Goodberries and Eberron

Goodberry Wine might just be a scam. Sure, they do add real goodberries to the mash, but the brewers know that the goodberries disappear after a day and contribute nothing to the taste. The buyers don't know however, and are willing to pay extra for the exclusive "magic" wine.
 

ChaosOS

Explorer
Goodberry wine originated in Five Nations and were made by a small sect of druids. It became popular and expensive as a way to get around the Mournlands lack of healing.

Also Tharashk has always been about prospecting (ECS paragraph on Zolanberg), but finding the veins is only half the battle. That's why they prefer dragonshards, where finding the damn things goes a lot farther.
 

Leatherhead

Possibly a Idiot.
Note that it specifically says prospecting. So they find the resources, but other people exploit them - just like they find the criminals, but other people prosecute them.
It's close enough to question why there isn't any "House Monsanto."
Sure, they don't till the soil or own the deed to the land, but someone could breed a magi-crop and make money off of that.
 

MarkB

Hero
It's close enough to question why there isn't any "House Monsanto."
Sure, they don't till the soil or own the deed to the land, but someone could breed a magi-crop and make money off of that.
True enough. I suspect the main reason is that they'd inevitably gravitate towards the same tensions and controversies as House Vadalis, only slightly less interestingly, so although there's a space for them economically, there isn't so much of one narratively.
 

Chaosmancer

Adventurer
I ran into some similiar thoughts from a different product. One of the side benefits of Matt Colville's Strongholds and Followers for Druid's is that the natural nuts and berries inside their domain act like Goodberries.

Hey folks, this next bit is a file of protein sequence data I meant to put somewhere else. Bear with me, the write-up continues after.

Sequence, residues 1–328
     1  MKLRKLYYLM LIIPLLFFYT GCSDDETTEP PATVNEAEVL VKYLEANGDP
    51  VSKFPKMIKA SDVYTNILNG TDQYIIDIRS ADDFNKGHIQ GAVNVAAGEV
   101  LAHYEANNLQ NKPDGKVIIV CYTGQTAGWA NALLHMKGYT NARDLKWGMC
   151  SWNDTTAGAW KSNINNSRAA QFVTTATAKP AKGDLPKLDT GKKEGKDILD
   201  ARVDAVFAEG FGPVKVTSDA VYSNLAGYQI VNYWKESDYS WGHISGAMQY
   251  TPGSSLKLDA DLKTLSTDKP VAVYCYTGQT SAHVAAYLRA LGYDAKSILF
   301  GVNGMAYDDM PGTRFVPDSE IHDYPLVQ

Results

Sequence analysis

Which really opens up some interesting thoughts, some of which can still apply to this, even though it seems we are fairly certain that wide-spread goodberry production isn't possible due to the spell only making 10 berries (which are still cheaper, though likely use similiar properties to the Bead of Nourishment in Xanathars).

Amongst my musings, I've figured that the biggest actual benefit to this is time. As you all have said, unless the caster is doing the work pro-bono a goodberry costs more on the open market than you would normally pay for your two or three meals a day. But, think about how long it takes to cook and eat food. Even with our modern conveinces and freeze dried foods, it is pretty difficult to cook and eat a lunch in 20 to 30 minutes. A "real meal" like dinner can take upwards to an hour. It would be reasonable to assume that if you were cooking and making food for a family in DnD, even at two meals a day, you might be spending two or three hours on food.

Goodberry takes six seconds to cast and six seconds to eat. And covers the same nutritional ground. If it is assumed that 6 hours of sleep, 2 hours of light activity to make it a "Long rest", and a few hours of the day is spent on food... you could potentially uptick the productivity of a populace by introducing Goodberries. Because people aren't spending time on those activities anymore.